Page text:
The Factor Trees Gizmo has two modes. In Factor mode, you can create factor trees to factor composite numbers into primes. In Build mode, you can build numbers by multiplying primes together. Can you build all composite numbers up to 50? Any whole composite number up to 999 can be factored or built with the Gizmo. 5 Minute Preview

Pattern Flip (Patterns)

In the Pattern Flip carnival game, you are shown a pattern of cards. The first cards are face-up so you can see the pattern, and the rest are face-down. Can you guess which animals are on the face-down cards? Use one of the preset patterns, or make your own custom pattern. Good luck! 5 Minute Preview

4.OA.C: : Generate and analyze patterns.

4.OA.C.5: : Generate a number pattern that follows a given rule. Identify apparent features of the pattern that were not explicit in the rule itself and explain the pattern informally (e.g., given the rule “add 3” and the starting number 1, generate terms in the resulting sequence and observe that the terms appear to alternate between odd and even numbers).

Finding Patterns

Build a pattern to complete a sequence of patterns. Study a sequence of three patterns of squares in a grid and build the fourth pattern of the sequence in a grid. 5 Minute Preview

Function Machines 1 (Functions and Tables)

Drop a number into a function machine, and see what number comes out! You can use one of the six pre-set function machines, or program your own function rule into one of the blank machines. Stack up to three function machines together. Input and output can be recorded in a table and on a graph. 5 Minute Preview

Pattern Flip (Patterns)

In the Pattern Flip carnival game, you are shown a pattern of cards. The first cards are face-up so you can see the pattern, and the rest are face-down. Can you guess which animals are on the face-down cards? Use one of the preset patterns, or make your own custom pattern. Good luck! 5 Minute Preview

4.OA.C.6: : When solving problems, assess the reasonableness of answers using mental computation and estimation strategies including rounding.

Cannonball Clowns (Number Line Estimation)

Launch clowns from a circus cannon and try to hit the target. Drag digit cards on the control panel to set the launch distance and choose an appropriate unit of distance. After practicing your clown-launching skills on a number line, move on to the Big Top, Football Field, School Buses, the Golden Gate Bridge, and more! 5 Minute Preview

Cargo Captain (Multi-digit Subtraction)

You are the captain of an interplanetary cargo ship, delivering important supplies to the outer planets. The cargo can be stored in barrels, crates, and holds. (There are 10 barrels in a crate, and 10 crates in a hold.) Model multi-digit subtraction by unloading cargo on each planet. 5 Minute Preview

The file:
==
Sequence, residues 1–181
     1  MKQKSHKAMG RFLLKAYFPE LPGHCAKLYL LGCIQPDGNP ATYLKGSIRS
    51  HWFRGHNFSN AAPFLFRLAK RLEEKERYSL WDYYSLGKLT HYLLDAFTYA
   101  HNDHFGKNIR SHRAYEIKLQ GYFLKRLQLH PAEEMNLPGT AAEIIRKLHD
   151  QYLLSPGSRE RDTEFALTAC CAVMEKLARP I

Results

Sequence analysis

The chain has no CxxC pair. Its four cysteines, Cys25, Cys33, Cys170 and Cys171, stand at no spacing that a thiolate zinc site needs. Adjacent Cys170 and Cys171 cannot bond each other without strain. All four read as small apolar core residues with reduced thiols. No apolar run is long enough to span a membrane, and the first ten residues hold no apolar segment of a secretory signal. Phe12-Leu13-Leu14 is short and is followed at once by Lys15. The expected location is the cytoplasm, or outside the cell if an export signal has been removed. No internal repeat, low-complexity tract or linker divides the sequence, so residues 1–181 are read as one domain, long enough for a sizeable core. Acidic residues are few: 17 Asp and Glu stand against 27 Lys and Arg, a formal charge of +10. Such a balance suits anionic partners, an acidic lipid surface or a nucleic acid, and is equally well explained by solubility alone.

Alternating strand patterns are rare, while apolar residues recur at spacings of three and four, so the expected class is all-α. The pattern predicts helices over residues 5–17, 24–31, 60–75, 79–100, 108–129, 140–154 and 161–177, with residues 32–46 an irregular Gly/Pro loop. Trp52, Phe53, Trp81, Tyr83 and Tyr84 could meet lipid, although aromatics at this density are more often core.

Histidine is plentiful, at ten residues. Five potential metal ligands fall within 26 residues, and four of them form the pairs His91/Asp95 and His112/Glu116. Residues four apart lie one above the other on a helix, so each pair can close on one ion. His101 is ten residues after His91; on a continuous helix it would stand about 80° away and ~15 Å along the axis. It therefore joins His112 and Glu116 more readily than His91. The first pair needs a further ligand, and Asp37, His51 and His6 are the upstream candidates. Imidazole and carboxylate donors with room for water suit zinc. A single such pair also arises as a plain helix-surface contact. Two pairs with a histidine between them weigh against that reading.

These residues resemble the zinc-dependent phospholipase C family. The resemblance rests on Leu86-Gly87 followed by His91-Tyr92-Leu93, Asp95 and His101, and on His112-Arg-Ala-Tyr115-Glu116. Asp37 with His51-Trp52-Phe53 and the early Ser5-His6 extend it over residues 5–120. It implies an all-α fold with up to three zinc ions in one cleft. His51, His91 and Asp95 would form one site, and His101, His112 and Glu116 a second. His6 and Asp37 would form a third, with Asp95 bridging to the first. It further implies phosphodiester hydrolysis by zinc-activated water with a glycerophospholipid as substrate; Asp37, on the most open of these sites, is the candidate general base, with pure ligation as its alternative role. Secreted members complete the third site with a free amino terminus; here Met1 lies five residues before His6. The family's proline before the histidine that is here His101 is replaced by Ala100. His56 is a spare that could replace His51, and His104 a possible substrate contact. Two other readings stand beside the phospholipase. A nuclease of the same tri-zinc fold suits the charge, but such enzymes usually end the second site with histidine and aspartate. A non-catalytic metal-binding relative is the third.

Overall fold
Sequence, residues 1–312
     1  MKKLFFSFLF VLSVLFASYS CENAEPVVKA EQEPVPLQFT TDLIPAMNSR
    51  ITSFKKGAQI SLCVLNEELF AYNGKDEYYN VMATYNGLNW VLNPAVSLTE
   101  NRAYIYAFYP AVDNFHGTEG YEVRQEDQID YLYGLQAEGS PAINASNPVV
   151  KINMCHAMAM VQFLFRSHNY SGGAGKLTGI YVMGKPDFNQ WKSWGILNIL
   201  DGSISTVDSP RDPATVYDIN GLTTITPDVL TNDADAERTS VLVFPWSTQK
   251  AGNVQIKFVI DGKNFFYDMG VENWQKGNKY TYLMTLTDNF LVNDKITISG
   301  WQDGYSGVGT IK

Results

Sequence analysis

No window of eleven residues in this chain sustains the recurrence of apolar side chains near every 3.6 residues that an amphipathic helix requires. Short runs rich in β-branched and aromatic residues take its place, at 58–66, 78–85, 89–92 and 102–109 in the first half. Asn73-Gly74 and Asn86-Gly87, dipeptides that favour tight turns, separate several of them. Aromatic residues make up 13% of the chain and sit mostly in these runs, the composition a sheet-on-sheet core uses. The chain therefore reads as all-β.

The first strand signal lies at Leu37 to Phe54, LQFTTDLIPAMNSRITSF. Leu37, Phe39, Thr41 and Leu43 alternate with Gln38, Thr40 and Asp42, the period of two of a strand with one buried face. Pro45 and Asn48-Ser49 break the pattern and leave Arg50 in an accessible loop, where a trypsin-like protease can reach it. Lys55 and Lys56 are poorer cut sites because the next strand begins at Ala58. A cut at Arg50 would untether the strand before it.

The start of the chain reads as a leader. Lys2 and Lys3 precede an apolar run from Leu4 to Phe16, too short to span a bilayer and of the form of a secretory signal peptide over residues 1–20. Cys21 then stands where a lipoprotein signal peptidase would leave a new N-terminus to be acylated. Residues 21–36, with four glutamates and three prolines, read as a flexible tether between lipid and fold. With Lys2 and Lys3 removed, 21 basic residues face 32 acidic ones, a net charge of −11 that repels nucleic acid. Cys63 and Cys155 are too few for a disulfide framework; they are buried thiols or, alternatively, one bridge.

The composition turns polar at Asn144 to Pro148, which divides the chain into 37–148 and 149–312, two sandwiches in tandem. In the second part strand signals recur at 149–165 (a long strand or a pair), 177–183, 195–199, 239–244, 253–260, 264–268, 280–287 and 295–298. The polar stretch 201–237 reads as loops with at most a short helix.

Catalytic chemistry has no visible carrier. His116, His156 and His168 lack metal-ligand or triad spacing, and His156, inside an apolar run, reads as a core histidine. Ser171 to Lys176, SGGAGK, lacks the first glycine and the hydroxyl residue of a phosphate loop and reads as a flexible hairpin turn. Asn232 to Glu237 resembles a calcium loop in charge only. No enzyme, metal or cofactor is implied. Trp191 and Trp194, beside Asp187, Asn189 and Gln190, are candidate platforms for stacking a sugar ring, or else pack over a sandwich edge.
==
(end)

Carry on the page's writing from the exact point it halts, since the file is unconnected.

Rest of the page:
No Alien Left Behind (Division with Remainders)

The alien school children from the planet Zigmo travel to distant planets on a field trip. The goal is to select a bus size so that all buses are full and no aliens are left behind. This is a nice illustration of division with remainders. 5 Minute Preview

Number Line Frog Hop (Addition and Subtraction)

Live a frog's life as you hop along a number line in search of flies. Learn how addition and subtraction can be represented as movement along a number line. Fred the frog may even help you get better at adding and subtracting two-digit numbers in your head by decomposing them into tens and ones. 5 Minute Preview

### 4.NBT: : Number and Operations in Base Ten

4.NBT.A: : Generalize place value understanding for multi-digit whole numbers.

4.NBT.A.1: : Apply concepts of place value, multiplication, and division to understand that in a multi-digit whole number, a digit in one place represents ten times what it represents in the place to its right.

Adding Whole Numbers and Decimals (Base-10 Blocks)

Use base-10 blocks to model two numbers. Then combine the blocks to model the sum. Blocks of equal value can be exchanged from one area of the mat to the other to help understand carrying when adding. Four sets of blocks are available to model different place values. 5 Minute Preview

Cannonball Clowns (Number Line Estimation)

Launch clowns from a circus cannon and try to hit the target. Drag digit cards on the control panel to set the launch distance and choose an appropriate unit of distance. After practicing your clown-launching skills on a number line, move on to the Big Top, Football Field, School Buses, the Golden Gate Bridge, and more! 5 Minute Preview

Cargo Captain (Multi-digit Subtraction)

You are the captain of an interplanetary cargo ship, delivering important supplies to the outer planets. The cargo can be stored in barrels, crates, and holds. (There are 10 barrels in a crate, and 10 crates in a hold.) Model multi-digit subtraction by unloading cargo on each planet. 5 Minute Preview

Modeling Whole Numbers and Decimals (Base-10 Blocks)

Model numbers with base-10 blocks. Drag flats, rods, and individual cubes onto a mat to model a number. Blocks can be exchanged from one area of the mat to the other. Four sets of blocks are available to model a variety of whole numbers and decimals. 5 Minute Preview

Rounding Whole Numbers (Number Line)

Place points on a number line. Round these values to the nearest ten or hundred. Visualize rounding by showing the number line as a hill or series of hills. These hills cause the points to roll to the nearest valley (nearest multiple of ten or one hundred). 5 Minute Preview